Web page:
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The mission of the march: to shine a light on how racism hurts children.

Editor’s note: This article was updated from its original form in print with additional interview information.

Photo: Screenshot of video from the Children’s March Against Racism, which took place on Sunday, July 5 in Perry Hilltop. Courtesy of Joanna Deming

By Ashlee Green

The Children’s March Against Racism, presented by Taarifa Activism took place on Sunday, July 5 in Perry Hilltop. 

Organized for children and families, the march had a mission of solidarity “against racism and the negative impact it has on young children,” according to an event flyer. In a phone interview with The Northside Chronicle, event organizer Cynthia Battle explained that taarifa means ‘message’ or ‘statement’ in Swahili, and went into more detail about the July march.

“When a child is overlooked in preschool or childcare, or underestimated of their abilities, or not attended to because of their color, they don’t know how to articulate that as ‘this is racist,’ but they feel it,” Battle said.

A community outreach specialist, Battle often works with children and families in schools. She’s witnessed white teachers screaming in Black children’s faces and said it turns her stomach.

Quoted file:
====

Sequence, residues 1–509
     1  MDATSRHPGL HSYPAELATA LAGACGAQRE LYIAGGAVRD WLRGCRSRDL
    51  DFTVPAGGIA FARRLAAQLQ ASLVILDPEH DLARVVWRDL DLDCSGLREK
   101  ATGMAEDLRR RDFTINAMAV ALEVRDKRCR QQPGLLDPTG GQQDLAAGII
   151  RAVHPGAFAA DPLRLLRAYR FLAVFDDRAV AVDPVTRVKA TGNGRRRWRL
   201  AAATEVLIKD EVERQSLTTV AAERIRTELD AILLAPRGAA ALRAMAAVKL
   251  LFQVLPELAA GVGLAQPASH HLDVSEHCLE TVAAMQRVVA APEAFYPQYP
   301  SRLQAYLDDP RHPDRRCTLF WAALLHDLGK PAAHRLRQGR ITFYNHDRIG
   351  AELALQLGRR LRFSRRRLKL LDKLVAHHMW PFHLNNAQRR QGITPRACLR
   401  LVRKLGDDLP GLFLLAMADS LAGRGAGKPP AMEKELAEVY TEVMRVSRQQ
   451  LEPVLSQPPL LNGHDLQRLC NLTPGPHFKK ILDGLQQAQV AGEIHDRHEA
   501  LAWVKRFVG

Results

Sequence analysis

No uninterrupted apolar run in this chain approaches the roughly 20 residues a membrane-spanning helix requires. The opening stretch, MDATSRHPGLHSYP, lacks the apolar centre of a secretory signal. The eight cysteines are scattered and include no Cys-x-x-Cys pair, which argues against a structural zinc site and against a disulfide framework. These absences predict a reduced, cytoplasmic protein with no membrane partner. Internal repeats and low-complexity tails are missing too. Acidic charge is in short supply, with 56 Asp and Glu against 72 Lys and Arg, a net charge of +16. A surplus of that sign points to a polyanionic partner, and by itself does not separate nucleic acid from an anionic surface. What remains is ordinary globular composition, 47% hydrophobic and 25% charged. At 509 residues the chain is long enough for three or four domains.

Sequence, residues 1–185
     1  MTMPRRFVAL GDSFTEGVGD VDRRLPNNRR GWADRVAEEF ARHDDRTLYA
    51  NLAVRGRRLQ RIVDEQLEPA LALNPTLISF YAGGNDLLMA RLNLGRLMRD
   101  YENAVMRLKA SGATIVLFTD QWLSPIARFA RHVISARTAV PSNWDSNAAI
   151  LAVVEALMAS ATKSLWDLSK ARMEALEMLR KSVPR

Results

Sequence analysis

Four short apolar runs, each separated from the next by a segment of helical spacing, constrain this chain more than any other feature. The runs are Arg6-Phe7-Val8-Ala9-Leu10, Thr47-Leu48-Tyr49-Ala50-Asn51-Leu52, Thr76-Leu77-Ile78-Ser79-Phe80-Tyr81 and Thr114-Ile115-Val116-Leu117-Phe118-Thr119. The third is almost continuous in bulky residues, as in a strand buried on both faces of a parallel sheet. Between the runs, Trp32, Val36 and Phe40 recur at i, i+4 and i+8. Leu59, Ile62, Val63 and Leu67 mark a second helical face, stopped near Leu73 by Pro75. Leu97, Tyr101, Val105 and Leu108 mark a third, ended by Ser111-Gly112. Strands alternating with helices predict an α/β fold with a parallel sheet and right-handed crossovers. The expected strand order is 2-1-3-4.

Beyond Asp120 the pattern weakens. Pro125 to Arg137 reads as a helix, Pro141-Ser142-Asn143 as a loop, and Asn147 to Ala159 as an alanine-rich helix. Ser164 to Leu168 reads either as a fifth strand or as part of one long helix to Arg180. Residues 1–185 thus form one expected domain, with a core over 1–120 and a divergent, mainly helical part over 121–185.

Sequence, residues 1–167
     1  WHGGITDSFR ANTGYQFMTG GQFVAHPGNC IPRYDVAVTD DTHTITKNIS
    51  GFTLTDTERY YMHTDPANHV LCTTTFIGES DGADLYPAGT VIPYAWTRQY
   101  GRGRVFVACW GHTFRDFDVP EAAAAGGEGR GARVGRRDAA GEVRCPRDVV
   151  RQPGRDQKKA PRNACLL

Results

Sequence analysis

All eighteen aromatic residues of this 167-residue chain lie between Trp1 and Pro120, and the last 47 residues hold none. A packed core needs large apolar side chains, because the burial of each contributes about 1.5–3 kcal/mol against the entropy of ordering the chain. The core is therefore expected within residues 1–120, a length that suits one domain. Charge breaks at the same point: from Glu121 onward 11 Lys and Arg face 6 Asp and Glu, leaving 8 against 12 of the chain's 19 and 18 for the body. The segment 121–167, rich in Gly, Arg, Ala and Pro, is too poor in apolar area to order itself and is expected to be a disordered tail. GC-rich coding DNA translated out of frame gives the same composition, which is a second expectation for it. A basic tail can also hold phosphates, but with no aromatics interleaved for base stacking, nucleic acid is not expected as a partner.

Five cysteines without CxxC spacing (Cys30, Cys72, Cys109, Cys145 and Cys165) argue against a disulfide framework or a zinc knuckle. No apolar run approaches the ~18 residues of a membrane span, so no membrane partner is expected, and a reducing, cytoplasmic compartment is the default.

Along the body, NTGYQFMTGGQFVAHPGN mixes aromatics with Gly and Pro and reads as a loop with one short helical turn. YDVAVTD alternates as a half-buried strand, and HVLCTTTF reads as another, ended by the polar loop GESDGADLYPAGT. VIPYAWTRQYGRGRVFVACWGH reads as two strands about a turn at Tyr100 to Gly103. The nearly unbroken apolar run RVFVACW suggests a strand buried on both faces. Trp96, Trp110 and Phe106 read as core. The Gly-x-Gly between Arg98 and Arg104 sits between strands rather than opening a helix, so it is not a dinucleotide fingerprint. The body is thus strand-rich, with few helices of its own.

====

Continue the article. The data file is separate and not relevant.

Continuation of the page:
“I invite parents to question the people who are watching their children,” Battle said. 

The trauma Black people often first experience as children, she said, accumulates as stress and inflammation, which can ultimately alter the chemicals in their bodies.

A resident of Perry Hilltop, Battle said she chose to organize the march in the Northside because it’s where she went to school and where she lives.

“The community that I live in has a pretty bad reputation, but there are so many people in this community who are awesome and wonderful and critical thinkers and talented…,” she said. “I’ve hosted nine block parties for nine consecutive years in my community. I’ve always wanted to do something right where I live.”

Battles estimated that 75 people showed up for the march, including two women representing Black Lives Matter, Tim Stevens of the Black Political Empowerment Project, and a representative from Rep. Ed Gainey’s office.

“It really touched my heart because so many people understood and they felt what I was trying to say,” said Battle.

Battle said she handed out spray bottles filled with ice water so attendants could keep themselves cool in the 93-degree heat. Project Destiny donated 100 children’s and adult’s masks and a manager from Walmart provided water and snacks. 

Future events are in the works, Battle said, but instead of mass gatherings, they will be discussions on how to have difficult conversations about race.

“I think this is the most physically uncomfortable time, because of the pandemic and because of the Black Lives Matter [movement],” she said. “I think this is the time that we need to dig deep within ourselves and really pull out those uncomfortable things and generate a conversation so that we can all feel comfortable.”

To see the full video from the march, click here.

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